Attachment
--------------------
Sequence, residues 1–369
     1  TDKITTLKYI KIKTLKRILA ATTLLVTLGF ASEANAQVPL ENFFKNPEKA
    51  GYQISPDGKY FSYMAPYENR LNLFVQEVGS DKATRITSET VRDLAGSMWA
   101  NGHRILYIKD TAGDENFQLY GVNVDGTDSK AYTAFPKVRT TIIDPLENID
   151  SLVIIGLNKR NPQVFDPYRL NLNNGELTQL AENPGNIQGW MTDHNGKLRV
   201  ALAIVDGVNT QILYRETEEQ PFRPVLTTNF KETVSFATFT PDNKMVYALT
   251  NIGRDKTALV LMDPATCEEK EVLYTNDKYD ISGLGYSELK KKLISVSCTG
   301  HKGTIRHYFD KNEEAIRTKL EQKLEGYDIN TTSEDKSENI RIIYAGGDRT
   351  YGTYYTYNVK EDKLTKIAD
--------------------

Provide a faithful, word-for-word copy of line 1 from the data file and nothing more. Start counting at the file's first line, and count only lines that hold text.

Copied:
Sequence, residues 1–369